Bolton, Noses, Crime, Cheek, Dress

Bring On Armageddon

Graeme Wood | Atlantic | 6th March 2019

Beautifully crafted profile of John Bolton, “the most important figure in American national security”. Bolton was appointed National Security Adviser last year after being passed over twice for the job because President Trump could not stand his “droopy soup-strainer” moustache. Rather than shave his upper lip, Bolton habituated Trump to the moustache by appearing frequently on Fox News. It says much about the character of the Trump administration that Bolton now counts as a safe pair of hands and something of a moderate. His arrival in the White House has “disrupted a delicate balance of idiocy” (6,700 words)


The Man With An Elephant’s Nose

Amie Bolissian McRae | Early Modern Medicine | 6th March 2019

Lovely short note about 16C doctors who found ways to “cure” the imaginary symptoms of delusional patients. Cases here include a man who believed himself to have a nose like an elephant’s trunk; another who thought his buttocks were made of glass; and a third who believed his stomach was filled with squirming frogs. This last was “cured” with a strong laxative and some strategically placed frogs. Upon inspection, he believed that he had disposed of his problem by natural means (725 words)


Guilty When Proven Innocent

Matthew Scott | Barrister Blogger | 6th February 2019

A British man is convicted of rape on the evidence of two eye-witnesses who claim they saw him near the scene of the crime. He serves 17 years in jail before DNA analysis argues for his innocence. His conviction is quashed. But when he seeks compensation for wrongful imprisonment, he discovers a little-known and scarcely credible provision unique to British law. To obtain compensation for wrongful imprisonment, you must “prove beyond reasonable doubt” that you did not commit the crime in question. The fact that your conviction has been quashed by a court is not in itself enough (3,670 words)


Act Of Rebellion

Brian Phillips | Ringer | 5th March 2019

Pure pleasure. Over-the-top profile of Australian tennis player Nick Kyrgios, who “seems to have been designed in a laboratory for the sole purpose of driving people crazy”. John McEnroe calls Kyrgios the most talented young player to have emerged in the past ten years; but even McEnroe, once the archetypal enfant terrible, finds Kyrgios’s boorishness intolerable. As do spectators. At the recent Mexican Open, Kyrgios was “booed so furiously that you started to worry oxygen-starved fans were going to black out in the aisles”. It was like “Beatlemania as planned by the angel of death” (1,600 words)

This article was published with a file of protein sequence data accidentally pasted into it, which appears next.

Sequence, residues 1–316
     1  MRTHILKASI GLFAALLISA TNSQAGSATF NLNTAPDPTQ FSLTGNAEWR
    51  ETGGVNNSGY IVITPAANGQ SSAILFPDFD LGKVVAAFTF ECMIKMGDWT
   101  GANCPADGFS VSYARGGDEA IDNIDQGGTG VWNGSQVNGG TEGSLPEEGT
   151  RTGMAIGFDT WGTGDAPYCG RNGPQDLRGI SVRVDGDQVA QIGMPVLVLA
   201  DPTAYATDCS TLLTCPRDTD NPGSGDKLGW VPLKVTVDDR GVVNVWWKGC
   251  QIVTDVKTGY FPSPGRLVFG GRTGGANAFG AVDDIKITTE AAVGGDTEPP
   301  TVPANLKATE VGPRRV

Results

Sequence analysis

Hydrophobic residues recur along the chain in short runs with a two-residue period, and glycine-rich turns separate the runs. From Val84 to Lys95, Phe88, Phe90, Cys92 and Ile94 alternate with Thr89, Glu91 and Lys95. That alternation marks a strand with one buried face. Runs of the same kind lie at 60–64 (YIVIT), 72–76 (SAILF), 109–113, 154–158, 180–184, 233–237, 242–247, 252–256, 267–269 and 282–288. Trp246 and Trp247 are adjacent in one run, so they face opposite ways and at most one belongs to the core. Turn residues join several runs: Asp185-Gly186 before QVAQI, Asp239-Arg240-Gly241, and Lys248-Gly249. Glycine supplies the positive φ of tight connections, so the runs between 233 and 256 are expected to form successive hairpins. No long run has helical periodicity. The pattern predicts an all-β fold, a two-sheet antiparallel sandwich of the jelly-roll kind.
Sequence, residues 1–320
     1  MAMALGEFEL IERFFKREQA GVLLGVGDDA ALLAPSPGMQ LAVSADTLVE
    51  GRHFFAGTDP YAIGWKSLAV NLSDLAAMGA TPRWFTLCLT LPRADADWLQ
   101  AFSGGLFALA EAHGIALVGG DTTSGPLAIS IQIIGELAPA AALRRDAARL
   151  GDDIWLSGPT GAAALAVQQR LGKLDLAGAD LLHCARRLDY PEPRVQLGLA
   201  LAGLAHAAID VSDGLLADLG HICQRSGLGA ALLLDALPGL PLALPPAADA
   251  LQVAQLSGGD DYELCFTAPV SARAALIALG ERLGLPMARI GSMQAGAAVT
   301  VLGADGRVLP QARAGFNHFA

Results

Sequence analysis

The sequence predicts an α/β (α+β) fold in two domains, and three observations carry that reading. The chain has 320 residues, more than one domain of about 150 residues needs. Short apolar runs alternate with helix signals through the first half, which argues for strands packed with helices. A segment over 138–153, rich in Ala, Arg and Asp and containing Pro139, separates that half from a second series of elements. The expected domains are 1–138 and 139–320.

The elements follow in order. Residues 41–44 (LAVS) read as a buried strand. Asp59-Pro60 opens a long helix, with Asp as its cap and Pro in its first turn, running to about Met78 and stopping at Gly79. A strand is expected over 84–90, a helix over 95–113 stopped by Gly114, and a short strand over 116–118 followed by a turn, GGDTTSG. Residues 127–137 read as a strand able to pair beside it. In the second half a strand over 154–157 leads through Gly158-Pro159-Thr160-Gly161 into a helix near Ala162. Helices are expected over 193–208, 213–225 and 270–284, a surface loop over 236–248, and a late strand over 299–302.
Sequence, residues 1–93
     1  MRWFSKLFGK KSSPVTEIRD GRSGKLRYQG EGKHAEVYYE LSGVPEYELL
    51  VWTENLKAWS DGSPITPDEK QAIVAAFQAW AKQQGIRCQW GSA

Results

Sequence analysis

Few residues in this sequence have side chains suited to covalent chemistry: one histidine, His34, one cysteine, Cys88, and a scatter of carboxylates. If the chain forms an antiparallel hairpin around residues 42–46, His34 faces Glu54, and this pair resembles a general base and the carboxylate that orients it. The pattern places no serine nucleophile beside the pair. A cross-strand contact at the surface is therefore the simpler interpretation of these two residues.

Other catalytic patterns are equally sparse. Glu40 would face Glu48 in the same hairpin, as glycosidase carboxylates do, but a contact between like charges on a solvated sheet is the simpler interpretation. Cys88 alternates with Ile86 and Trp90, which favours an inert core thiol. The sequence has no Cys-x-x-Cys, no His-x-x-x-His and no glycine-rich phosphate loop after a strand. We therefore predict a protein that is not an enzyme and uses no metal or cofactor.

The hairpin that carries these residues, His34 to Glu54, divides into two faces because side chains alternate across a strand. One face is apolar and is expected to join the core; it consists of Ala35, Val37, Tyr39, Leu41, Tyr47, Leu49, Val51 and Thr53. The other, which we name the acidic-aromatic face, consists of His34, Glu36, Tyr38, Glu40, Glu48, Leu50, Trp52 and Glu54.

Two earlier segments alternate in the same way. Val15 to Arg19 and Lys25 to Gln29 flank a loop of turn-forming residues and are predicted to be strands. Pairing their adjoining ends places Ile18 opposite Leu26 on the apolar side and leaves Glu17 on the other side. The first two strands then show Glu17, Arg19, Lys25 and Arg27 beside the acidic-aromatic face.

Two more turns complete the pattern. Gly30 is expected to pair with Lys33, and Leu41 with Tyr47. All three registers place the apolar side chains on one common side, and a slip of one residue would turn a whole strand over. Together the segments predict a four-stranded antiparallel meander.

Dress Codes

Amber Thomas et al | Pudding | 15th February 2019

Lessons learned from collating the “dress codes” of 481 public high schools across America. First finding is that dress codes rarely discuss clothes; they are too busy specifying parts of the body which must not be seen. The provisions directed at girls in particular can verge on the fetishistic. “I was expecting something like genitals to be number one, but only six schools explicitly ban them. Midriffs, on the other hand — the front part of your body between your chest and your waist — are banned in 71% of schools, making it the most banned body part by a long shot. Which raises the question: why?” (18,100 words)


Video: Does Time Exist? Ted-Ed primer asks (in that very polite, Ted-Ed way) what, if anything, we are measuring when we say we are measuring time (5m 15s)

Audio: What Happened To Lindsey Graham? | The Daily. Mark Leibovich asks why Senator Graham switched from denouncing to exalting President Trump. The key factor was John McCain’s death (27m 45s)

Afterthought:
“When you have seen the Hitlerjugend in action you become very wary of team spirit”
— Edsger Dijkstra